The Welsh government has announced a £2.25m rescue package for the National Library of Wales after proposed cuts at the institution sparked uproar.
Thirty jobs were at risk of redundancy at the library in Aberystwyth, with warnings services would be cut back to slash costs. The Chartered Institute of Library & Information Professionals had called for the proposed cuts to be dropped while a petition asking for “fair funding” of the library was signed by more than 14,000 people and gained support from Philip Pullman among others.
Following a discussion in the Senedd this week, the Welsh government has now announced a £2.25m funding package to “safeguard jobs and deliver new strategic priorities”.
The announcement follows a review of the library last year which found its income had plummeted and “urgent attention” was needed to address its unsustainable financial position.
Deputy Minister for Culture, Sport & Tourism Lord Elis-Thomas said: “Since the publication of the findings of the tailored review in November 2020, the library has progressed significantly with the action plan to implement the review recommendations – this momentum and a focus on what needs to be done has allowed us to develop the necessary implementation budget.”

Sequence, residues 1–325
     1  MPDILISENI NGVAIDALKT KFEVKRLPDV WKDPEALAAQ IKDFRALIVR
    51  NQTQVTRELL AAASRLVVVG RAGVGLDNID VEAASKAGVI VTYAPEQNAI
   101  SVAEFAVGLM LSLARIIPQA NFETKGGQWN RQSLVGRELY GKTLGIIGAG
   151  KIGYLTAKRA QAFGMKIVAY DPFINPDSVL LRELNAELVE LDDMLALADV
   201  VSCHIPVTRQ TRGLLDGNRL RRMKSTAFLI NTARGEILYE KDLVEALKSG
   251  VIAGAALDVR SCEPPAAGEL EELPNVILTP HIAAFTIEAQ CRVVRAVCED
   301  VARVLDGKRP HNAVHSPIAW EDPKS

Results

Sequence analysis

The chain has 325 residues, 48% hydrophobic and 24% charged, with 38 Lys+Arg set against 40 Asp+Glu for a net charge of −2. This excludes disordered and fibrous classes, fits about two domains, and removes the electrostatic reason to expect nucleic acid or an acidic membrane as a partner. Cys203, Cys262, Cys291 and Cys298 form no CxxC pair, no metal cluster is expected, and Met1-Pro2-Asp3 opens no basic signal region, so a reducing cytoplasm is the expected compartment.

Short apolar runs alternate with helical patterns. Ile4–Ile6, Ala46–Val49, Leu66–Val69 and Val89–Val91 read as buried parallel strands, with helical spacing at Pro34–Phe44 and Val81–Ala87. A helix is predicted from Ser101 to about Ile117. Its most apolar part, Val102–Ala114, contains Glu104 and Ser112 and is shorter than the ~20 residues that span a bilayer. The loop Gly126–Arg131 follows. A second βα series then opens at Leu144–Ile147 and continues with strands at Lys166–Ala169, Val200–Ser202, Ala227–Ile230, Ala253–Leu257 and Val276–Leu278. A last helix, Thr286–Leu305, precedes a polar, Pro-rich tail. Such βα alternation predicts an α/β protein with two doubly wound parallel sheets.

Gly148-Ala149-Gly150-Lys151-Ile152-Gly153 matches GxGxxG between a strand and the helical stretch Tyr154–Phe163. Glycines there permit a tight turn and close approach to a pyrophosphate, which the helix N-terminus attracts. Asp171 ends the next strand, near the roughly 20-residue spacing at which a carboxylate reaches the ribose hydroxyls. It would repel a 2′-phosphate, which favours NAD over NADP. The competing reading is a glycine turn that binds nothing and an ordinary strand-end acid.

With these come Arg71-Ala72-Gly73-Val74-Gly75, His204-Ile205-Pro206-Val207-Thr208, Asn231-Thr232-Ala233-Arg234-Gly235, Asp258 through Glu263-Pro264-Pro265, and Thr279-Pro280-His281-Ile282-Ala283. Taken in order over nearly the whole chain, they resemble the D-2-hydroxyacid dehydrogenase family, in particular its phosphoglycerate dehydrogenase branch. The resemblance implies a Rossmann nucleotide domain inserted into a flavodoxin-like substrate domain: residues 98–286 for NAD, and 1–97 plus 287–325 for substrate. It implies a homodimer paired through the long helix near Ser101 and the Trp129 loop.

Meri Huws, president of the National Library of Wales, said: “I welcome the Welsh government's decision to provide this additional funding to the library, which means that we will be able to address the main recommendations of the tailored review as well as put our exciting new strategic plan in action.
- Six questions for...the National Library of Wales' Pedr ap Llwyd
- Library Campaign calls for government action over post-lockdown 'danger' to service
- Hay Festival offers free school days for Welsh pupils
- Welsh Book Council cuts 'self-sabotage' say writers
- Welsh minister accuses arts bodies of 'undermining' review process